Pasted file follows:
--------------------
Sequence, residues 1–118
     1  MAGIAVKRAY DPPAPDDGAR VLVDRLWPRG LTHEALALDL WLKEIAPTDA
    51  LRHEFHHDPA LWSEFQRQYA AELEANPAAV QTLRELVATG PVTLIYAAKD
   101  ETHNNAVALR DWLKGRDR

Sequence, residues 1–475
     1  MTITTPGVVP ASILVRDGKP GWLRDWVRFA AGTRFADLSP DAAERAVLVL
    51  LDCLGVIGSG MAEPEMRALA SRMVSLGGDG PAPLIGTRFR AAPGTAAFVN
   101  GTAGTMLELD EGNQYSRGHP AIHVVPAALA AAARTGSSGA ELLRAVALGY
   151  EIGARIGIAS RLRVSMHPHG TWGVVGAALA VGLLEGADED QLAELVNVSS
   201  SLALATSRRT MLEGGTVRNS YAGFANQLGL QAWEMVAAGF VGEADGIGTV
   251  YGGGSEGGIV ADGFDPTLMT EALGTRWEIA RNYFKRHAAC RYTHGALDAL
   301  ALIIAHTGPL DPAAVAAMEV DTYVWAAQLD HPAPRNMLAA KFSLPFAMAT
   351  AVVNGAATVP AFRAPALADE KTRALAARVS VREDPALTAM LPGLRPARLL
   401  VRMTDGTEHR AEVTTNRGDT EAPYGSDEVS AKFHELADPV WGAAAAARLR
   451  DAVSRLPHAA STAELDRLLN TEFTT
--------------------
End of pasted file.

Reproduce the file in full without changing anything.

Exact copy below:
Sequence, residues 1–118
     1  MAGIAVKRAY DPPAPDDGAR VLVDRLWPRG LTHEALALDL WLKEIAPTDA
    51  LRHEFHHDPA LWSEFQRQYA AELEANPAAV QTLRELVATG PVTLIYAAKD
   101  ETHNNAVALR DWLKGRDR

Sequence, residues 1–475
     1  MTITTPGVVP ASILVRDGKP GWLRDWVRFA AGTRFADLSP DAAERAVLVL
    51  LDCLGVIGSG MAEPEMRALA SRMVSLGGDG PAPLIGTRFR AAPGTAAFVN
   101  GTAGTMLELD EGNQYSRGHP AIHVVPAALA AAARTGSSGA ELLRAVALGY
   151  EIGARIGIAS RLRVSMHPHG TWGVVGAALA VGLLEGADED QLAELVNVSS
   201  SLALATSRRT MLEGGTVRNS YAGFANQLGL QAWEMVAAGF VGEADGIGTV
   251  YGGGSEGGIV ADGFDPTLMT EALGTRWEIA RNYFKRHAAC RYTHGALDAL
   301  ALIIAHTGPL DPAAVAAMEV DTYVWAAQLD HPAPRNMLAA KFSLPFAMAT
   351  AVVNGAATVP AFRAPALADE KTRALAARVS VREDPALTAM LPGLRPARLL
   401  VRMTDGTEHR AEVTTNRGDT EAPYGSDEVS AKFHELADPV WGAAAAARLR
   451  DAVSRLPHAA STAELDRLLN TEFTT